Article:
Source Comparison and Testing
In 2017 SSF realized a decrease in the funding rate of large crustal scale seismic projects. However, the demand for smaller scale projects increased leading to source comparison testing. This source comparison test does an approximate side-by-side comparison of small point sources related to shallower seismic projects. The testing was completed at the SSF test facility in West Texas (below). All sources (red dots below) were recorded with 25 Reftek RT-125A recording instruments using 4.5Hz geophones (green dots below). All locations were surveyed with RTK GPS for position accuracies less than 50mm (2").
The mechanical sources included 5.5kg (12lb.) and 9kg (20lb.) hammers, PEG-40 (below left), A200 P&S
(below right, P-configuration). The chemical sources included shotgun (8 gauge, 400 grain shotshell), and 151g pentolite explosive charges. Mechanical sources were tested at the ground surface (same location). The chemical sources required drilling 63.5mm (2.5") diameter holes to 0.45m (18") below ground surface (bgs) for the shotgun to 1.1m (3.5') bgs for the explosive charges (not same location due to ground disturbance). Drilling was done using SSF "Little Beaver" drill.
The shot gathers above are unnormalized, unfiltered and stacked (5 shots) for apples-to-apples. A. Shot gather using a 5.5kg (12lb.) hammer on a 19x19x1.9cm (7.5"x7.5"x3/4") aluminum plate. B. Shot gather using a 9.1 kg (20lb.) hammer on a 19x19x1.9cm (7.5"x7.5"x3/4") aluminum plate. C. Shot gather using a PEG-40 (36kg, (80lb.)) accelerated weight drop on a 46x46x2.5cm (18"x18"x1") aluminum plate. D. Shot gather using a A200 P&S (98kg, (216lb.)) accelerated weight drop with nitrogen spotting set at 1,900psi. E. Shot gather using Betsy seisgun with 8ga., 26g (400gr) blanks 0.5m (18") bgs. F. Shot gather using 151g (1/3lb.) pentolite charge approximately 1.1 (3.5') bgs.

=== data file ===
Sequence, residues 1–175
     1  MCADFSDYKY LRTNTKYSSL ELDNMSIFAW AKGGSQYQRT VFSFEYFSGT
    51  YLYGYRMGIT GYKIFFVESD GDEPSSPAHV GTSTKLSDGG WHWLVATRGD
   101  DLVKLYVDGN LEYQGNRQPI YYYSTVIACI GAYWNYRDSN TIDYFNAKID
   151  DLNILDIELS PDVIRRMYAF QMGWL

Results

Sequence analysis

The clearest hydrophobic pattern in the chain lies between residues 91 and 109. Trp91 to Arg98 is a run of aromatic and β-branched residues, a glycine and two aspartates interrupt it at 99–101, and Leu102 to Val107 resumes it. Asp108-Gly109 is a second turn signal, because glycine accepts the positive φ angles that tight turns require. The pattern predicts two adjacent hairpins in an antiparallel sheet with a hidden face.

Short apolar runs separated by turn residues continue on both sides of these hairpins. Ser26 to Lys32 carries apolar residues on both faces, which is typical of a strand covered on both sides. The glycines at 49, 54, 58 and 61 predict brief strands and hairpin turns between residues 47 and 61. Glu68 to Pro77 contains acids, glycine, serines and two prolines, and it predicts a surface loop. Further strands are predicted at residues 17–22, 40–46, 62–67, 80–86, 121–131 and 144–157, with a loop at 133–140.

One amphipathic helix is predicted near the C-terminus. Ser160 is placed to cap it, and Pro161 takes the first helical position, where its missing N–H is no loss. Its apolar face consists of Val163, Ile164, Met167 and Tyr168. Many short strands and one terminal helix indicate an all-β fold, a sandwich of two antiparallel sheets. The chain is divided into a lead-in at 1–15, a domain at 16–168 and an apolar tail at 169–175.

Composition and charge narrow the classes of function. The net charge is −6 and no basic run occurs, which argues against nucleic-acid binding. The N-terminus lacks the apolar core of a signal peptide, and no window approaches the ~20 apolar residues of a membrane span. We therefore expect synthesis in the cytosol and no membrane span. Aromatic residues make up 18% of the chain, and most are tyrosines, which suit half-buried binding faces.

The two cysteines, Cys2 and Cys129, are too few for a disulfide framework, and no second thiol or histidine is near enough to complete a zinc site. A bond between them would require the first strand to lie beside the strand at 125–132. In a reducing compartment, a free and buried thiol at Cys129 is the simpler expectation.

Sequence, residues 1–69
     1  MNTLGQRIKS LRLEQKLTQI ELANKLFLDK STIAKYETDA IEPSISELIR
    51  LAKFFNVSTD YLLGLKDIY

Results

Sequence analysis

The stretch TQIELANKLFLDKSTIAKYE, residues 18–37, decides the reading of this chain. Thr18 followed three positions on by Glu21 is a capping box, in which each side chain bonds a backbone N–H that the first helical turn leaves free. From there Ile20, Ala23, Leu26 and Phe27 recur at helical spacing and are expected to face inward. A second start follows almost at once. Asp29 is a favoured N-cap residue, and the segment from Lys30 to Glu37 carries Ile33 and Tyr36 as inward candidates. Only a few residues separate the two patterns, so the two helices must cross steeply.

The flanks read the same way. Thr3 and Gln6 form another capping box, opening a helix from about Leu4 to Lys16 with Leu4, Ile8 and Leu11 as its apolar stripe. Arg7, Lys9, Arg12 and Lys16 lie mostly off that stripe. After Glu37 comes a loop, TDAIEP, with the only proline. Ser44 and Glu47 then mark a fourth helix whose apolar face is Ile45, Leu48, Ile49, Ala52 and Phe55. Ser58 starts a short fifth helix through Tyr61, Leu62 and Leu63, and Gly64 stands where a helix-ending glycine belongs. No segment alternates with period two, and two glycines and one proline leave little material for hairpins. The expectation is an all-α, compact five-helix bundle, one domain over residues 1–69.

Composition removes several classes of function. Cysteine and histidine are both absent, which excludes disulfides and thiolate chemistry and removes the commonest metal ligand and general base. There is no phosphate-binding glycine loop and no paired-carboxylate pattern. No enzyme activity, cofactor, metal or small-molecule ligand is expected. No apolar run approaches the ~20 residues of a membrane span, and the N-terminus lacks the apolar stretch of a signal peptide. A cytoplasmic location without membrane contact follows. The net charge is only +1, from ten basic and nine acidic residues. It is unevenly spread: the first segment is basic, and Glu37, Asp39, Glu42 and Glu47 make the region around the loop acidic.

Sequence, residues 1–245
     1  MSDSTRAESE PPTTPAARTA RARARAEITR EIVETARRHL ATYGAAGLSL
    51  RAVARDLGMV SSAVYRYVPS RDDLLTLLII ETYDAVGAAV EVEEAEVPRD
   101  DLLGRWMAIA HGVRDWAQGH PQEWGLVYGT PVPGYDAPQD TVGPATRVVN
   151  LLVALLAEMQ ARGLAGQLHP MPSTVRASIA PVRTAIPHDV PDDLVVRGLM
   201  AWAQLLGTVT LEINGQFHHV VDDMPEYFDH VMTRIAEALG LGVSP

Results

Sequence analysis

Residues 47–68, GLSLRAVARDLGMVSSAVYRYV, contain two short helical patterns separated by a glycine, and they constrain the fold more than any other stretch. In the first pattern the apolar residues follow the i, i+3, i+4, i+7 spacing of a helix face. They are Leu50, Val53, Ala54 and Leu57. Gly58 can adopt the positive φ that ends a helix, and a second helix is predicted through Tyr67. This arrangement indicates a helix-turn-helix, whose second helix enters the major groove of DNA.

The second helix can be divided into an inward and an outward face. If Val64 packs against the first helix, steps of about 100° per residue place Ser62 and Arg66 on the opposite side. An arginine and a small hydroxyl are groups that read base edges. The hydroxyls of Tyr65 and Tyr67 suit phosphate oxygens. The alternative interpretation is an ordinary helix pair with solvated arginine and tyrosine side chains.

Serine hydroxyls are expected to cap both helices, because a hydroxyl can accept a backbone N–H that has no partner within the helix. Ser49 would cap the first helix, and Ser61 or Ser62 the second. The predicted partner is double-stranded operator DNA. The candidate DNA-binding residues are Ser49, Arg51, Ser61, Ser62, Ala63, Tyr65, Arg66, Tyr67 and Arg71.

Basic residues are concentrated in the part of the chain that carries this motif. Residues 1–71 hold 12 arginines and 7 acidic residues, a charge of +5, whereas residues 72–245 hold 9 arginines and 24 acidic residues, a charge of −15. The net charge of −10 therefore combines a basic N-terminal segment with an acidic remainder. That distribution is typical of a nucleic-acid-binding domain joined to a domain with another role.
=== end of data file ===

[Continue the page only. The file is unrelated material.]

The plot above is related to the mechanical sources (hammers and accelerated weight drops). It shows median amplitude vs. frequency for time window 0 to 1 second for the related shots. The individual shots were stacked (sum of 5 shots) to show increased amplitude with better signal to noise ratio (real data adds and noise subtracts). These sources are very easy to stack at the same surface location.
The plot above is related to the chemical sources (shotgun blanks and pentolite charges). It shows median amplitude vs. frequency for time window 0 to 1 second for the related shots. This plot shows individual shots and stacked shots (sum of 5 shots) to show increased amplitude with better signal to noise ratio (real data adds and noise subtracts). These sources are not easy to stack due to damage related to firing. They also would require drilling multiple drill holes which is very time consuming.
The plot above is related to the chemical sources (shotgun blanks and pentolite charges) and mechanical sources (hammers and accelerated weight drops). In order to maintain apples-to-apples comparison, the chemical shots were not stacked and the mechanical shots were stacked but divided by 5 (stk/5) to maintain relative amplitudes. Generally, chemical shots are done with one charge and mechanical shots are stacked to improve signal to noise ratio. It shows median amplitude vs. frequency for time window 0 to 1 second for the related shots.
The plot above is the median spectral amplitude ratio vs. frequency of all sources from the plot "Chemical & Mechanical Sources" related to a single 151g pentolite shot. This gives a good comparison of amplitude and frequency of the smaller shots related to the largest (151g pentolite). It is very important to note that the A200 P&S source has higher amplitudes in the frequencies range between 90 to 110Hz related to the pentolite shot and higher than the shotgun above 50Hz.